|Courtesy LDS Media Library|
I’ve thought about this for years. I’ve seen relationships fall apart. I’ve also seen them hold together. Here’s what I think is behind the erosion of a lot of relationships. Relaxing standards.
When you’re courting, your standards are high. Your behavior is the best it’s ever been. You hold your tongue. You’re polite and generous. You’re energetic and respectful.
Then you get married. You are playing house with a real spouse! You are Ken and Barbie. It’s an adventure. You are ridiculous together. Every day is a day of discovery.
Then things start to trend down. You are tired. You have school or work or both at the same time. Then children come—those little energy sucking cuties. Callings require hours away from home. You come home exhausted and grumped out. You lower your standards.
You don’t watch your words closely. Things fly out of your mouth and cut your spouse like a knife. You’re disrespectful and sometimes downright mean. Some days, you’re so tired, you ignore personal hygiene and you stink. You burp and have gas without apology. You let your wife open her own doors. You sleep longer than you should. You hide out in your room to read. You watch too much schmaltzy television and drink too much diet Coke. You have 47 reasons why you don’t exercise or eat right. You cherish bad habits and defend them. You lazily, unconsciously, and predictably lower your standards.
You sing a song that goes like this (my apologies to Veggie Tales):
We are the Mormons who don’t do anything,
We are grumpy and forget to pray,
And when you ask us to do anything,
We just tell you,
“Call the Relief Society President.”
And then you wonder, “What’s wrong with my wife?” Or you murmur, “My husband is a slob.” You complain to your friends about your spousal unit and circle the drain. Your relationships suffer or may feel doomed.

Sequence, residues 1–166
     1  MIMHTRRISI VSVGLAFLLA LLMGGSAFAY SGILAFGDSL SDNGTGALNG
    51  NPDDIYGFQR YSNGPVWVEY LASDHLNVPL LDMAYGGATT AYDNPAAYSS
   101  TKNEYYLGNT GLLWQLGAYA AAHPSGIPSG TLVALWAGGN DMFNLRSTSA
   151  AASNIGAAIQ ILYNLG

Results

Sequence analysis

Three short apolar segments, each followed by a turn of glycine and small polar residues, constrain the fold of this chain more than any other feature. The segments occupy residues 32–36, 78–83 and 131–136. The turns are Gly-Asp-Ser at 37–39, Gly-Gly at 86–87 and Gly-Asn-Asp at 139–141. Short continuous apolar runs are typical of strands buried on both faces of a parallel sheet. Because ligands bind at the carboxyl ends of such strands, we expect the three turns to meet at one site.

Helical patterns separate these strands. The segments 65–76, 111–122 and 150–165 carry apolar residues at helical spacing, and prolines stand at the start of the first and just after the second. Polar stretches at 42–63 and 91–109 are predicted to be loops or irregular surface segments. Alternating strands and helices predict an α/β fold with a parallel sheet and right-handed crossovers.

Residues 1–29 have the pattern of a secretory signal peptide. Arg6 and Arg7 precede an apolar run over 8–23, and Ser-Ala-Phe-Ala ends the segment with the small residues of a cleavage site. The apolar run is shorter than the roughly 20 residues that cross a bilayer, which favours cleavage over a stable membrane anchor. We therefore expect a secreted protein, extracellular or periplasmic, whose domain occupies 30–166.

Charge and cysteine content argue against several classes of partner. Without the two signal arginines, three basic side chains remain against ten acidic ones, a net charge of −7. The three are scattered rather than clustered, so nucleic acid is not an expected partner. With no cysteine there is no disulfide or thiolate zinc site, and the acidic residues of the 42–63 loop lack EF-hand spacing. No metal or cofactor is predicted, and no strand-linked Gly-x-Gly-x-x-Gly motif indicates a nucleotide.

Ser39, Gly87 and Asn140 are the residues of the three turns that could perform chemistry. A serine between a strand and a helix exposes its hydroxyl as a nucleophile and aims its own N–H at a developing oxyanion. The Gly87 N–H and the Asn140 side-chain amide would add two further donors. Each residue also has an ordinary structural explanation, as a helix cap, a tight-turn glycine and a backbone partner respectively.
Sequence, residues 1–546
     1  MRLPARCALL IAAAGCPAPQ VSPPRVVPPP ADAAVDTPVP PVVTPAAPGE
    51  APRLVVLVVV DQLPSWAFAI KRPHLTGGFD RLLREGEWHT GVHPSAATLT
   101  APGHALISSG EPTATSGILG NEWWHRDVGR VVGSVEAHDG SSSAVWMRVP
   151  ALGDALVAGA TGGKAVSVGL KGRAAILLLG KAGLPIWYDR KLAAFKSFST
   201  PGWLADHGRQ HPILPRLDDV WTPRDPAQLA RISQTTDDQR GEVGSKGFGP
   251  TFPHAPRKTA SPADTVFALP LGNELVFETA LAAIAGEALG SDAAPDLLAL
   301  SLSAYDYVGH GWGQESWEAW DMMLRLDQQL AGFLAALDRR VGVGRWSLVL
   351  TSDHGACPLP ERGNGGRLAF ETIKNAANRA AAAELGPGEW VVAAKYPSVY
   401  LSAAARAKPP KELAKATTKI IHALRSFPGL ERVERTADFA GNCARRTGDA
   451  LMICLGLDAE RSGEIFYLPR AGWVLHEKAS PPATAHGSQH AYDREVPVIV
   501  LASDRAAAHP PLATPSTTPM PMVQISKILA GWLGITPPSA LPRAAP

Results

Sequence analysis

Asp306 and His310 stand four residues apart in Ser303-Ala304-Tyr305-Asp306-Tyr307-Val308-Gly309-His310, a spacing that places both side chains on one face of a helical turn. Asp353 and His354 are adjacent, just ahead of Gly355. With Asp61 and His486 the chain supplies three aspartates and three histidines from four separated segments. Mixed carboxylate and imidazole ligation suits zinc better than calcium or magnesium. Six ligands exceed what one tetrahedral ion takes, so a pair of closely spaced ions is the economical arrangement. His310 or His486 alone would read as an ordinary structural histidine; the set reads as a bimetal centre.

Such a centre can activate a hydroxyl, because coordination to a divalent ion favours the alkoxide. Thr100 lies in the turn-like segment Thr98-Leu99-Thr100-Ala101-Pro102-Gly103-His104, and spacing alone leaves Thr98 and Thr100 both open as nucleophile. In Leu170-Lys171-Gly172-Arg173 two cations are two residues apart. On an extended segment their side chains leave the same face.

Wake up! Start with you. Yeah, you. Set your sites high again. Be a gentleman. Act like a lady. Turn off the electronic vampires. Open a car door for someone. Buy flowers. Say, “Excuse me.” Stop drinking 64-ounce sodas. Take a shower regularly. Keep your mouth closed and listen. If you need to burp, handle it as if you were at a job interview or sitting in sacrament meeting. Ask for forgiveness. Stop defending and justifying your actions and think about how you can make your spouse feel more loved and needed and appreciated. Start working out every other day. Clean up after yourself. Set time limits. Raise your standards. Do something better than you’ve been doing it.
If you want things to get better, you have to get better. —Kirk Duncan
Stop blaming and shaming and raging. Start acting on your best instincts. We all depend on grace—the grace of God and the grace of our better halves—to get through life. Show Those in heaven and those on earth that you appreciate them, that your are willing to change, that your are willing to set aside lazy habits and do things better. It will make a huge difference in your relationships.
You don’t have to be perfect. You just have to be better.
Yes, you can expect unconditional love no matter your condition. But people might actually want to be with you if you are more kind, dignified, tasteful, respectful, disciplined, energetic, hopeful, and helpful.
Don’t ever say, “That’s just the way I am.” You are far better than that, far greater than you imagine. Your potential is infinite, your possibilities, endless. I’m serious.
If you want things to change, you have to change. Just take one step up.
Today is a great day to start.